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How do you tell how reputable a school is?

katenskatens 8 replies7 threadsRegistered User New Member
So I'm interested in a couple colleges that seem really nice but since I'm going into psychology and not a STEM major, it matters what school I go to more to get better recognition and outlook for jobs.

I plan on staying the northeastern side of the US after college so they dont necessarily nationally well recognized but at least in this region.

So here the colleges that I'm unsure about how they're viewed or recognized for psychology:

Pace University
Hofstra University
Hunter College
University at Albany
Brandeis University
Seton Hall
Amherst College
Baruch College
Hamilton College

Thanks reading and any help you can offer!
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Replies to: How do you tell how reputable a school is?

  • GoCubsGo719GoCubsGo719 99 replies33 threadsRegistered User Junior Member
    Sites like Niche typically rate ROI and Value and include reviews on the subject. For a more solid measurement, you can often find career outlook statistics posted either on a school's website or many other places on the internet. Word of mouth can be helpful, but should be taken with a grain of salt. If you are studying psychology I'm guessing that means that grad school will likely be in your future, in which case reputation is necessarily the most important thing in the world for your undergraduate. I'd just try to find the best affordable school where you can get good grades and most importantly be happy. Good luck.
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  • mikemacmikemac 10307 replies150 threadsRegistered User Senior Member
    edited July 18
    to work in the field of psychology typically requires at least a Masters degree (Masters of Social Work, Marriage & Family Counselor, etc).

    You can enter a grad program from any undergrad college, they are going to look at your GPA and GRE scores plus letters of rec (so get to know some profs).

    Also see https://www.bls.gov/ooh/life-physical-and-social-science/psychologists.htm
    edited July 18
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  • merc81merc81 10254 replies155 threadsRegistered User Senior Member
    edited July 18
    How do you tell how reputable a school is?

    Forbes? https://www.forbes.com/sites/nataliesportelli/2017/04/26/10-expensive-colleges-worth-every-penny-2017/amp/#referrer=https://www.google.com.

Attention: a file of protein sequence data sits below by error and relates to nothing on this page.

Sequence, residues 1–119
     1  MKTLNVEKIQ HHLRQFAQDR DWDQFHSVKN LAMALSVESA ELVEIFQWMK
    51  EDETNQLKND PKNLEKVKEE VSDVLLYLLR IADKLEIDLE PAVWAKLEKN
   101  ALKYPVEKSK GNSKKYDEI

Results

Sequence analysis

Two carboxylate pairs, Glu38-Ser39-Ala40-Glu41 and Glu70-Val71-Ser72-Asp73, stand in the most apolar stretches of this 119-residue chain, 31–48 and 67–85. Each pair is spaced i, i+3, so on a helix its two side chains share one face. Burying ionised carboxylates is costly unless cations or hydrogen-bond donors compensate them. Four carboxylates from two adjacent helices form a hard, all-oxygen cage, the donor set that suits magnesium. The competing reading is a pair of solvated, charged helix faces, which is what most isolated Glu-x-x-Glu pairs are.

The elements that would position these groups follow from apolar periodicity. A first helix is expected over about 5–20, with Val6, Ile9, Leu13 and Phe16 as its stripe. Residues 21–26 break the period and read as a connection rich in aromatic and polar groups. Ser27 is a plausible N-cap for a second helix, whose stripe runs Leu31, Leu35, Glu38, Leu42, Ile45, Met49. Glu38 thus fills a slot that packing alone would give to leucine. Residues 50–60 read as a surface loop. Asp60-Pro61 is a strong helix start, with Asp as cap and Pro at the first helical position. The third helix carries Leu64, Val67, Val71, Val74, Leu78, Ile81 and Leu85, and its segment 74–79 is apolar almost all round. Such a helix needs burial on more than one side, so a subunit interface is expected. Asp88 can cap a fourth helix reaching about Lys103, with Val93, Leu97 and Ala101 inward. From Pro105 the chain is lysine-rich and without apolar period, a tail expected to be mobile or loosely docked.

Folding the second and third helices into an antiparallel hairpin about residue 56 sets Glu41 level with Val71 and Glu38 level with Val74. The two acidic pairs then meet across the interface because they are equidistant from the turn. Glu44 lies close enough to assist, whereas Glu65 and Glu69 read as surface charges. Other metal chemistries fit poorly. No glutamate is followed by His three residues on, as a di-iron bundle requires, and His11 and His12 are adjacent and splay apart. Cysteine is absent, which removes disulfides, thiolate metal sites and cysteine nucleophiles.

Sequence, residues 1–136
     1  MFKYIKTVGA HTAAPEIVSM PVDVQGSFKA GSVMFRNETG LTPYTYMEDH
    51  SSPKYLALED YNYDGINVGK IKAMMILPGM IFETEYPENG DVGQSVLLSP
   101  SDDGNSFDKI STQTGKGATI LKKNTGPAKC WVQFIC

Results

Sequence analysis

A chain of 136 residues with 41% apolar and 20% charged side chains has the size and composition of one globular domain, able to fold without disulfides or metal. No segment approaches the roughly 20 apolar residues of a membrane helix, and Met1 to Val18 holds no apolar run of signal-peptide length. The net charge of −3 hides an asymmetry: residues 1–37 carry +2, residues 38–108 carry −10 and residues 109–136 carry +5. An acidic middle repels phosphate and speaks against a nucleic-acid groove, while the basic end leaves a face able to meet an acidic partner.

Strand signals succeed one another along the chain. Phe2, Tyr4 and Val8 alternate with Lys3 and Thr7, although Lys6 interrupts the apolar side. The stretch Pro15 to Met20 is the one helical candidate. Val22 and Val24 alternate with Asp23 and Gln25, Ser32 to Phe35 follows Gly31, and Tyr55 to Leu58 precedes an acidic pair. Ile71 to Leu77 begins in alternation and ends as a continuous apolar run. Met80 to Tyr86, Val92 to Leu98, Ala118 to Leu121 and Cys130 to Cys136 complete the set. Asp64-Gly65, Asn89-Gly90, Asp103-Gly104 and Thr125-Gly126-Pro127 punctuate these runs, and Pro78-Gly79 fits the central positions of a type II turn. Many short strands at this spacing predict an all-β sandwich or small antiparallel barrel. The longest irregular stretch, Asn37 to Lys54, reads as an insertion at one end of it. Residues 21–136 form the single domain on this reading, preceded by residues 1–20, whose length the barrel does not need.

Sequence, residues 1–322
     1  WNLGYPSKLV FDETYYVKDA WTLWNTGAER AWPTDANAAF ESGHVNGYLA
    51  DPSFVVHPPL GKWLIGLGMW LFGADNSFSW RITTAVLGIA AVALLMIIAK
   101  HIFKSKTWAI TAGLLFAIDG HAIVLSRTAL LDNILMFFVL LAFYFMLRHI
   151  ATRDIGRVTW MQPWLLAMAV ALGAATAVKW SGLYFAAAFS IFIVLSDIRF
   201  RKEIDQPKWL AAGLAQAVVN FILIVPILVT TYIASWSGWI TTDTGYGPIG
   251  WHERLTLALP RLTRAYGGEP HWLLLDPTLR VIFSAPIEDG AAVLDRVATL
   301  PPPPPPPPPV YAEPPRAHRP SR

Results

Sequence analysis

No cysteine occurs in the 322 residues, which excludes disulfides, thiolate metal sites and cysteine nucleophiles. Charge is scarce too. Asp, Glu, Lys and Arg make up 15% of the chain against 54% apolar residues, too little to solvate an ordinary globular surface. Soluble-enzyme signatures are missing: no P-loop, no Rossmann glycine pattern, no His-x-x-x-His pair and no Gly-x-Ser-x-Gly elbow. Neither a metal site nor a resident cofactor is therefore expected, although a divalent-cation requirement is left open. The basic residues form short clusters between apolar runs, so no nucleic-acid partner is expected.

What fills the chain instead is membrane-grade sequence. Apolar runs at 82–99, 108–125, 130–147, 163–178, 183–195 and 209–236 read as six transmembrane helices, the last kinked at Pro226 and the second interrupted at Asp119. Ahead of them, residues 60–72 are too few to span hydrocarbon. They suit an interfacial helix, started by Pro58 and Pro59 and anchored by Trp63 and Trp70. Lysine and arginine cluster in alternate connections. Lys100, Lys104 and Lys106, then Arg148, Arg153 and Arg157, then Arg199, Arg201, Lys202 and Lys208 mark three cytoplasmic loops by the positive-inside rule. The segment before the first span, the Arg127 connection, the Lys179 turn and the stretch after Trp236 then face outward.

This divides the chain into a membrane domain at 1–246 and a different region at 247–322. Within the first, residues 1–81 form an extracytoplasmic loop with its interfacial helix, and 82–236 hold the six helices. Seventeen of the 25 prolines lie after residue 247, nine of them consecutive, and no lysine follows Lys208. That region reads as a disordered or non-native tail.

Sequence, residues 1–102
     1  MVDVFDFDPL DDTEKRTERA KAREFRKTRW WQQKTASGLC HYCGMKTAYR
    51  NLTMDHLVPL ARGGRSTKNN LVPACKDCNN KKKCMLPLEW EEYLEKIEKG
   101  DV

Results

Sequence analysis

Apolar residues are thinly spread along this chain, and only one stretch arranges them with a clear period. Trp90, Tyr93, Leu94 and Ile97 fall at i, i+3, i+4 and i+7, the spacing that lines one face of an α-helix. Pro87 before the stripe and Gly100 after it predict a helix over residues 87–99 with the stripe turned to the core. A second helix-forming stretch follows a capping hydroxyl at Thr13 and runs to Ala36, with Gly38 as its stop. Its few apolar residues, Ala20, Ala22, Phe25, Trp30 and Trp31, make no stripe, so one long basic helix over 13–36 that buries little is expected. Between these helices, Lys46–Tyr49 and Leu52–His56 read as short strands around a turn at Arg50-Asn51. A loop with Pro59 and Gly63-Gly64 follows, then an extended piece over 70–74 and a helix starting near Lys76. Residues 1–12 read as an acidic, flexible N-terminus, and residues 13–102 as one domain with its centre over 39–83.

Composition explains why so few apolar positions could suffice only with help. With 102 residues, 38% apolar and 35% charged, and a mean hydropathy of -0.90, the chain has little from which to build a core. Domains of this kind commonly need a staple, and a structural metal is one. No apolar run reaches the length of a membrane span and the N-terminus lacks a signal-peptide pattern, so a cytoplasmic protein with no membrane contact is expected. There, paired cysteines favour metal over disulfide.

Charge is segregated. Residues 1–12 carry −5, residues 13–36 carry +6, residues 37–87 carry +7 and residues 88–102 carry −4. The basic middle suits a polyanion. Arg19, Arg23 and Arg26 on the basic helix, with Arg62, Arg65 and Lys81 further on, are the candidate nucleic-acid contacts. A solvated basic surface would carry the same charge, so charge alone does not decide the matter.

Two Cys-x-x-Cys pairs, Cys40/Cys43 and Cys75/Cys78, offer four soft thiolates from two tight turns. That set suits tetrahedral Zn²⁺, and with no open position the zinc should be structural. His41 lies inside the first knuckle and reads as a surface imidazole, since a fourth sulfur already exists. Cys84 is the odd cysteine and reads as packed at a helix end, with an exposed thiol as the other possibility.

For psychology specifically, a school such as Hunter could be fine though.
    edited July 18
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  • rickle1rickle1 1878 replies16 threadsRegistered User Senior Member
    If you're checking out Amherst you might want to look at UMass too, literally right down the road (walking distance). Brother graduated with a psych degree and went on to get a PhD in neuro psych at another great school. He was well prepared by UMass. Probably one of the more underrated state flagships as it's top notch in many things and has a fantastic honors college.

    The area is also beautiful!
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  • merc81merc81 10254 replies155 threadsRegistered User Senior Member
    edited July 18
    If you have a particular interest in financial outcomes, you can check individual U.S. News entries, then scroll to Alumni Starting Salaries (e.g., https://www.usnews.com/best-colleges/hunter-college-2689).
    edited July 18
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  • CreeklandCreekland 5754 replies89 threadsRegistered User Senior Member
    Ask the departments where recent grads have gotten into grad school. If you like what you see, all is fine. If not, consider that when choosing a place. It doesn't mean you couldn't do well there if you did better than recent grads did, but it's a cautionary flag vs knowing if you perform as well as the others at the schools which have gotten folks into good grad schools, you should be able to get there too.

    There are engineering schools that places around me won't hire from and places they prefer. If a student wants to be an engineer and knows where they want to work (or a similar place), I always tell them to check to see where current workers graduated from as well as asking the department at candidate schools where recent grads have gotten employed for their first job. It's similar for getting into grad schools.

    Few (including me) like to name the schools employers don't like due to the potential for backlash. It can be well worth it to check data. If a department doesn't like to share, consider that too. (Don't ask admissions - they rarely know.)
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